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U.S. Securities and Exchange Commission

Speech by SEC Commissioner:
Re-designing the Eligibility Criteria for Short-Form Registration

by

Commissioner Luis A. Aguilar

U.S. Securities and Exchange Commission

Washington, D.C.
July 26, 2011

Today the SEC is considering whether to adopt amendments to the eligibility criteria of its short-form registration process.1 Up to now, credit ratings have been used to determine whether a securities offering is eligible for the SEC’s streamlined short-form registration process. Under the rules in effect since 1982, a primary offering of debt securities deemed “investment grade” by a nationally recognized statistical rating organization may qualify for short-form registration, regardless of the issuer’s public float.2 As the Commission stated when it adopted short-form registration eligibility requirements, the goal was to “meet the objective of relating short-form registration to the existence of widespread following in the marketplace.”3

In the staff review of this provision, they ascertained that the rating reference functions as a proxy for whether or not an issuer was widely followed. And that short-form eligibility should not be based on a measure of credit-worthiness.4 Given this, the staff has put forth the recommendation before us today that would tie eligibility for short-form registration to indicators that the staff believes show that a company’s debt is widely followed in the capital markets. I do note that these amendments do not apply to asset-backed securities, which are the subject of a separate proposal before the Commission.

I appreciate the staff’s efforts in preparing this recommendation and will support it.


1 Form S-3, and its counterpart for foreign private issuers, Form F-3, are often referred to as “short-form” registration statements. These forms allow eligible issuers to rely on reports they have filed under the Exchange Act to satisfy many of the disclosure requirements under the Securities Act. Short-form eligibility for primary offerings also enables eligible issuers to conduct primary offerings “off-the-shelf,” providing considerable flexibility in accessing the public securities markets in response to changes in the market and other factors. Issuers that are eligible to register these primary “shelf” offerings are permitted to register securities offerings prior to planning any specific offering and, once the registration statement is effective, offer securities in one or more tranches without waiting for further Commission action. To be eligible to use Form S-3 or Form F-3, an issuer must meet the form’s eligibility requirements as to registrants, which generally pertain to reporting history under the Exchange Act, and at least one of the form’s transaction requirements. The reference to credit ratings is contained in Instruction I.B.2 of Form S-3, which permits issuers to register primary offerings for cash of non-convertible securities (other than asset-backed securities), if such securities carry an investment grade rating. Issuers may register primary offerings of non-convertible securities regardless of credit rating pursuant to Instruction I.B.1 or Instruction D, to the extent such instructions are otherwise applicable.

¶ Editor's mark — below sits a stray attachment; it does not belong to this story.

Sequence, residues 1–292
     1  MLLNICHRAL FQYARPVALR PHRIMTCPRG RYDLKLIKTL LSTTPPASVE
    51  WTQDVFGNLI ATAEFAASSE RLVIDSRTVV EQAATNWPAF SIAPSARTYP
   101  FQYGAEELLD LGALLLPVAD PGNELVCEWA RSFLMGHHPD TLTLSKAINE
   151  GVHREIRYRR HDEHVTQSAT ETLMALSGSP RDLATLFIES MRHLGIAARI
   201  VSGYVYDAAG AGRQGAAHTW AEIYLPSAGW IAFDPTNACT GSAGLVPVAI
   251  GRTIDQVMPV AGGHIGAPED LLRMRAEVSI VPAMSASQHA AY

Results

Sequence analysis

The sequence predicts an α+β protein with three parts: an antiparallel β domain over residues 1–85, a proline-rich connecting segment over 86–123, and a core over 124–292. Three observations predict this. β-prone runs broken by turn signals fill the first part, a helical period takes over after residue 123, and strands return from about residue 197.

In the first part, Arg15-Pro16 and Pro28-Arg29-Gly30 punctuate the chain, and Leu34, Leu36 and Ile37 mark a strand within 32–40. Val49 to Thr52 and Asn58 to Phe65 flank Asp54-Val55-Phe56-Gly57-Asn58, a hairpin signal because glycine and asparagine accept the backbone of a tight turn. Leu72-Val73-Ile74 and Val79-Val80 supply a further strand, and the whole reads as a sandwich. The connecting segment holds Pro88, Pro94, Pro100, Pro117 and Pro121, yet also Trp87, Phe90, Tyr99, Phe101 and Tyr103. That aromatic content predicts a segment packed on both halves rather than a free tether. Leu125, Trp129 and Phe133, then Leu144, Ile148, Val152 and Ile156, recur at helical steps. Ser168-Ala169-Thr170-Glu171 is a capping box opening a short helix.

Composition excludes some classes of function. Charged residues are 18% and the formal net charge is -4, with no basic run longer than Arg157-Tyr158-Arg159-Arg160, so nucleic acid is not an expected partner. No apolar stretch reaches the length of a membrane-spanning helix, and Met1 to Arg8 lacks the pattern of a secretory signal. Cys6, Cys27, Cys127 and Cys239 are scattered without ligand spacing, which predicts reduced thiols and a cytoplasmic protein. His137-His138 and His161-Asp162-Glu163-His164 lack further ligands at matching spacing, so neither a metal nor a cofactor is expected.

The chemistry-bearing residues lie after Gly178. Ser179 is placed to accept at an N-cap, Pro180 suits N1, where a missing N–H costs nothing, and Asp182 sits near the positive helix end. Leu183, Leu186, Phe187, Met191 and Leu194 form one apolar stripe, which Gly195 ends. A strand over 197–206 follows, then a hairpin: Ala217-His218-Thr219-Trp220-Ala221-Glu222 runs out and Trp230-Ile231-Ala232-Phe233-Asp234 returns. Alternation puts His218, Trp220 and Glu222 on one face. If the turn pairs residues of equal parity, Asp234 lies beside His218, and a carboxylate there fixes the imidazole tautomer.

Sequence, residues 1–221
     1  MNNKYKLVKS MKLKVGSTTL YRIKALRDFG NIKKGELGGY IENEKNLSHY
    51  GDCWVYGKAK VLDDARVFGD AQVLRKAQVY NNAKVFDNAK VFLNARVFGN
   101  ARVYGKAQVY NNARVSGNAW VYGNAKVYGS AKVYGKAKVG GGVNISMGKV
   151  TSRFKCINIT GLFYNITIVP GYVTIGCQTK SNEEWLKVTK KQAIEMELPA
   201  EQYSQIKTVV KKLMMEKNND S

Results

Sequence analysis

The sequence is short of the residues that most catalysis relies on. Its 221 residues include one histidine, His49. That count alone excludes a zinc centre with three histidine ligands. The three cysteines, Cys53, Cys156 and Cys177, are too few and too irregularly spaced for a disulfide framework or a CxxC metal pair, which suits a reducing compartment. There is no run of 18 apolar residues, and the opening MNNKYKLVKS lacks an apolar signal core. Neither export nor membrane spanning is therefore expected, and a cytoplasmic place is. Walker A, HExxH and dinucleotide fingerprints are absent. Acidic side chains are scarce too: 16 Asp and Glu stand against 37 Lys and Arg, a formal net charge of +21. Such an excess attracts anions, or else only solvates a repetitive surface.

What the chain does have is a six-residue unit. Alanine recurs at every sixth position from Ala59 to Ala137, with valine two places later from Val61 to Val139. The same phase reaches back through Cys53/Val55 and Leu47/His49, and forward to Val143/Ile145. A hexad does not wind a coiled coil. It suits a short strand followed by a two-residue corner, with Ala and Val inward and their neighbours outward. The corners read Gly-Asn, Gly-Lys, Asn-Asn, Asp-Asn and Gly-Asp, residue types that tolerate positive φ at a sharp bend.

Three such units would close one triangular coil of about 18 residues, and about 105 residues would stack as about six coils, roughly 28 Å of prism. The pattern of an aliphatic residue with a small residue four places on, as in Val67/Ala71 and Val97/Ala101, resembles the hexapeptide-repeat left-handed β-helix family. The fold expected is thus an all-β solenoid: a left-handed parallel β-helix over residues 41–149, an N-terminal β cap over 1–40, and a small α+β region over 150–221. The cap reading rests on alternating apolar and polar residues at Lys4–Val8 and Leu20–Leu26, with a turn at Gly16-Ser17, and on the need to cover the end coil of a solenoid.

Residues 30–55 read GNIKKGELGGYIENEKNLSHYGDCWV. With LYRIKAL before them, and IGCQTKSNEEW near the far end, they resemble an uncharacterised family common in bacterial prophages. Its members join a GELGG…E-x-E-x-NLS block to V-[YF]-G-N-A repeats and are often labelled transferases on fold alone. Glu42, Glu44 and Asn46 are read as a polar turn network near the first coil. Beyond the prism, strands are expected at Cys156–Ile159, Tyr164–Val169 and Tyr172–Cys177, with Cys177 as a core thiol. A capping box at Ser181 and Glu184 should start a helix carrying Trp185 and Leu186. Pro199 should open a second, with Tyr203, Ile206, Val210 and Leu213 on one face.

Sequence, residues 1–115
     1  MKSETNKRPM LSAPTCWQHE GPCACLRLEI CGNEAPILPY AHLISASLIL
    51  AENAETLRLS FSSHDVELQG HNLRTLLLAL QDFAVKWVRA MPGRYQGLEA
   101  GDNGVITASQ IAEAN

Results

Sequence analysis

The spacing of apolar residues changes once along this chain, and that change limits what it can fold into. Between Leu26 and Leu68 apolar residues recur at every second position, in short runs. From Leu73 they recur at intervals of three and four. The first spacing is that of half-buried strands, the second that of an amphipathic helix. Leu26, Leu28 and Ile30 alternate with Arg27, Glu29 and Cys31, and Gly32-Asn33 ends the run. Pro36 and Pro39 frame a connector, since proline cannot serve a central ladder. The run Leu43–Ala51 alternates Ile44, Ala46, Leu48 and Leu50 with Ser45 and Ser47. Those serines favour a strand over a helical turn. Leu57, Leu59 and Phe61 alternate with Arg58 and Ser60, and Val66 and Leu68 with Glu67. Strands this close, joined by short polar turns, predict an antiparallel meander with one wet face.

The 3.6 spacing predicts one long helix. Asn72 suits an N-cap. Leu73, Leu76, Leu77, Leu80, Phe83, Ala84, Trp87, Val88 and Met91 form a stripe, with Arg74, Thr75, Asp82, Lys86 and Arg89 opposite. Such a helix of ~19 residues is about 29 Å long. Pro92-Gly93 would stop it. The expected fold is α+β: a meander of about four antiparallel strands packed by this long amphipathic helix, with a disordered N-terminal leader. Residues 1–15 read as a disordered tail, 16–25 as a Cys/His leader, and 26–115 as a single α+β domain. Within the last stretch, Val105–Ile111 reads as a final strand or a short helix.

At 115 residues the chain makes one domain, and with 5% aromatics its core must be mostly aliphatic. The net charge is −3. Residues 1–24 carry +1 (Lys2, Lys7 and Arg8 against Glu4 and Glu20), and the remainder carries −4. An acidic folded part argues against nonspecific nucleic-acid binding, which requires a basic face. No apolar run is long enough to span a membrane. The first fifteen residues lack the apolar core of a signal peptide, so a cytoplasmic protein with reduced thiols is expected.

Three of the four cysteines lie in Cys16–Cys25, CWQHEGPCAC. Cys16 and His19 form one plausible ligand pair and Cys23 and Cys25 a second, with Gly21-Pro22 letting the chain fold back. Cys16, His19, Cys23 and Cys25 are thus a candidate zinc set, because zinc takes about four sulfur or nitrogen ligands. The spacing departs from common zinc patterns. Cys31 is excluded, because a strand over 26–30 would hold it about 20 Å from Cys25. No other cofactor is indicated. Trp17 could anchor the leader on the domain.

2 Reporting companies with at least $75 million of common equity public float may use Form S-3 to register primary offerings of debt regardless of credit rating. In addition, reporting companies that have issued $1 billion aggregate principal amount of debt securities in registered offerings for cash over the preceding three years, as “well-known seasoned issuers,” may also use Form S-3 to register debt offering regardless of credit rating. The public float test and the WKSI definition were both designed to identify issuers which are actively and widely followed in the securities markets. See, e.g., Release No. 33-6331, 46 FR41902 at 41906 (August 18, 1981); Release No. 33-8591, 70 FR 44722 at 44726-27 (August 3, 2005).

3 Release No. 33-6383, 47 FR 11380 at 11384 (March 16, 1982).

4 As the release today makes clear, the SEC believes “that wide following in the market place, rather than credit quality, is the appropriate test for Form S-3 eligibility.” Accordingly, the actions taken in the Security Ratings release are “in light of” but do not “implement” Section 939A of the Dodd-Frank Act.

 

http://www.sec.gov/news/speech/2011/spch072611laa-item2.htm


Modified: 07/27/2011